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A while ago I read a book about the Russian Civil War (it was Blood on the Snow by Emanuel Litvinoff) in which the characters frequently drank coffee made out of acorns and tea made out of carrots. I tried naively making carrot tea by grating some carrots and pouring hot water on them, like I would make ginger tea. But the resulting brew did not taste strongly of carrots.

How is carrot tea brewed--what part of the carrot is used? I would also be interested to know whether there are any other countries in which this has ever been a popular drink.

  • Straight up recipe requests are off topic. – SAJ14SAJ Sep 7 '13 at 6:35
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    The book "Blood on the Snow" by Emanuel Litvinoff is classified as fiction (worldcat.org/title/blood-on-the-snow/oclc/…). There are a lot of recipes, plants, and dishes mentioned in fiction which don't correspond to practices done in real life. That said, dandelion roots are roasted before made into a coffee substitute, and this may have been similar to the treatment used on the acorns. In terms of the tea, when you soak carrots in water, it would be called 'broth,' so the greens are more likely the ingredient used. – user48107 Jul 21 '16 at 22:37
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    @Jefromi, sorry I had to withdraw my acceptance (and tea made from carrot tops is very nice, and also made in Russia) but I went to the trouble of learning some Russian and it turns out that user29585 is actually correct. The Russians call this drink морковный чай and searching for this term in Youtube reveals numerous videos of people showing how to make it. – Flounderer Sep 9 '17 at 18:42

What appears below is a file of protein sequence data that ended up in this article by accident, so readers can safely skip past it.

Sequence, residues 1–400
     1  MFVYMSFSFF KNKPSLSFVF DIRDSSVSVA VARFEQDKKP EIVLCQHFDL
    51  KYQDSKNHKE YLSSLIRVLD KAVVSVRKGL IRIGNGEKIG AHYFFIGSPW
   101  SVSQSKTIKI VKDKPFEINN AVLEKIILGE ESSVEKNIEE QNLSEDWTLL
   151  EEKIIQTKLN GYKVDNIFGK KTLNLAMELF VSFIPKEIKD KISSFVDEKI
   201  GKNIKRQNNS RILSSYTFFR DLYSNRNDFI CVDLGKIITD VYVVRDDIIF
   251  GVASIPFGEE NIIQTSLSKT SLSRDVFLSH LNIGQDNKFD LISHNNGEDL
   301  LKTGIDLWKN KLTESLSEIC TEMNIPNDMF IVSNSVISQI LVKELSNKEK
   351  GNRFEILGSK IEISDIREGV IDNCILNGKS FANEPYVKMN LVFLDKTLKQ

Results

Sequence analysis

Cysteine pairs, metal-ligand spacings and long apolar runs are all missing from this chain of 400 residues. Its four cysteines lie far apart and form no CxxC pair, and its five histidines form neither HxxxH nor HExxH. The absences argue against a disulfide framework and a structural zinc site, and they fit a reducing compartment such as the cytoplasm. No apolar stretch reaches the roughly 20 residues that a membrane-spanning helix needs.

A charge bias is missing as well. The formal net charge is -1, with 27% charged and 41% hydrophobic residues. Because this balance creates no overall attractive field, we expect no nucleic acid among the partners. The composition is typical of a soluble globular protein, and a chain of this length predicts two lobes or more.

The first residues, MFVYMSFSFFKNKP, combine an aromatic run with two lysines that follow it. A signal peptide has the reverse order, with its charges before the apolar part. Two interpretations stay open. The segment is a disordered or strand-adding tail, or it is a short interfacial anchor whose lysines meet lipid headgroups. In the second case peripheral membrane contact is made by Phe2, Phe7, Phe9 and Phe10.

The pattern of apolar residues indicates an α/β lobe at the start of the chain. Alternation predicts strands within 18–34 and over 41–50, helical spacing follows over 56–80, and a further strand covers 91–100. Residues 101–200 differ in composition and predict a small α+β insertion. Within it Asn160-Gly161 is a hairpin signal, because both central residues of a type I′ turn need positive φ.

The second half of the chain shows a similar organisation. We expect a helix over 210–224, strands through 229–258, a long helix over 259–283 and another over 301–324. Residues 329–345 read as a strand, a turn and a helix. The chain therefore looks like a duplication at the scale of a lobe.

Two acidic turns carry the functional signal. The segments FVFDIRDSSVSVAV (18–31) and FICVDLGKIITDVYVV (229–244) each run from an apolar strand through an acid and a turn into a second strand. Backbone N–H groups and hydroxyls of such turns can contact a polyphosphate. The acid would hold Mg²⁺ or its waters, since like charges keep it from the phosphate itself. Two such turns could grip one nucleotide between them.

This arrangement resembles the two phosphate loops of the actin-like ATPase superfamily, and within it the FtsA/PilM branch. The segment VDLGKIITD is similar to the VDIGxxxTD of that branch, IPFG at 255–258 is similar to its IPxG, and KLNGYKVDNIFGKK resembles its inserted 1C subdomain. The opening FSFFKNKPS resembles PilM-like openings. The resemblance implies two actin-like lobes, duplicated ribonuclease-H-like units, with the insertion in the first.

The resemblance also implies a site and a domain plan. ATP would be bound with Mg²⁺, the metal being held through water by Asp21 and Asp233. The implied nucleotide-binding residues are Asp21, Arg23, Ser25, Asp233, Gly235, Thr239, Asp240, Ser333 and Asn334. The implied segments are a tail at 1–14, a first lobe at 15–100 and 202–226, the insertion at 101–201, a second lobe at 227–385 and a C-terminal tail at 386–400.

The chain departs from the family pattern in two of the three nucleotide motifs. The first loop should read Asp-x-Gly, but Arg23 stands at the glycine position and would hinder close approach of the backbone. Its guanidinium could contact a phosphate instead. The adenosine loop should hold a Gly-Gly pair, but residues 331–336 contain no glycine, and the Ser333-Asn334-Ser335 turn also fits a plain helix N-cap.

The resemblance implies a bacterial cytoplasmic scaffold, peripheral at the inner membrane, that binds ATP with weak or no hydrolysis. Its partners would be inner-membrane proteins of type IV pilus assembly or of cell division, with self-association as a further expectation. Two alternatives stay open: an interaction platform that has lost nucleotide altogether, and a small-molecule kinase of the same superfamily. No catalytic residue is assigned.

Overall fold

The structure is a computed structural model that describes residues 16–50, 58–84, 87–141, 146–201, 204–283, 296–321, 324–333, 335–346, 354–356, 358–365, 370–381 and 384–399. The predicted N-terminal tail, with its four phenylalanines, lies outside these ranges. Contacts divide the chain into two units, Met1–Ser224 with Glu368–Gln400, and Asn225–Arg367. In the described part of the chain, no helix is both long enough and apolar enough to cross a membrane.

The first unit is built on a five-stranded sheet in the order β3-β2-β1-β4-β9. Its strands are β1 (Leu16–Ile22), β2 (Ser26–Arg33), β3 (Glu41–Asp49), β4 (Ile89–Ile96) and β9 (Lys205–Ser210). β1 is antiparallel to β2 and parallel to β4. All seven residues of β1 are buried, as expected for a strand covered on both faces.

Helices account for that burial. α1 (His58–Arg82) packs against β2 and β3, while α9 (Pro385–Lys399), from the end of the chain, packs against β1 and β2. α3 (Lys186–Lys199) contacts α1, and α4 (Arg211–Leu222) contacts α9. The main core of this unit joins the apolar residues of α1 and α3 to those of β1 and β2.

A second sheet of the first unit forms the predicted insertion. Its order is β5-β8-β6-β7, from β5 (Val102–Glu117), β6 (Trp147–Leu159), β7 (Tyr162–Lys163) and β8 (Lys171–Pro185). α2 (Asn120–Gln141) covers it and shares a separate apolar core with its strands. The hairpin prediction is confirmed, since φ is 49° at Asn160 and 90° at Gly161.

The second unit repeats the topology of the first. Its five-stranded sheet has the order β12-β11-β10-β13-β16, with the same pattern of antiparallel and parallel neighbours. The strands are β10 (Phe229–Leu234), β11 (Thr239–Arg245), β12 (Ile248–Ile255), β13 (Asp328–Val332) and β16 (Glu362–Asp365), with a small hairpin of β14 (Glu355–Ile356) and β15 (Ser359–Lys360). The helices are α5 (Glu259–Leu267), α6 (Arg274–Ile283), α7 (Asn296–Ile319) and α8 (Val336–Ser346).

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wash, dry, shred, cut finely or julienne the carrots. dry it on a sheets of parchment paper until almost of the moisture is evaporated. then bake it in the oven on low heat until brown.

http://img1.liveinternet.ru/images/attach/c/0//51/793/51793738_091127_ljv2.jpg result

http://img1.liveinternet.ru/images/attach/c/0//51/793/51793915_091127_ljv3.jpg brew

  • Have you made tea with this? It sounds pretty interesting! – Megha Jul 20 '16 at 17:35
  • That makes sense. It's a similar preparation to the Turkish 'apple tea'. – Joe Sep 24 '18 at 17:30
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You use the leaves, not the carrot themselves. I don't know for sure this is what your Russian Civil War book was talking about, but I know it works, and besides, if they were desperate enough for acorn coffee and carrot tea, I imagine they were eating the carrots. This site suggests that you might need 1/4 cup of carrot greens per 1 cup of water; you can find plenty more searching for "carrot top tea".

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    Thanks. This certainly seems logical and it made a weak but drinkable tea. I will accept this answer, but I would still be interested to hear from a Russian! – Flounderer Sep 8 '13 at 0:41
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I know the carrot tea my grandmother did it* it's super deliceous ande easy to make, everyone must try it. All you have to do is to grate carrots as you would for soup or stew, and dry them in the oven at the 40-100 C.

And when they are dryed out put some in a tea pot pour hot water, sweeten it with honey and milk (or simply drink without any added things). It's awesome.

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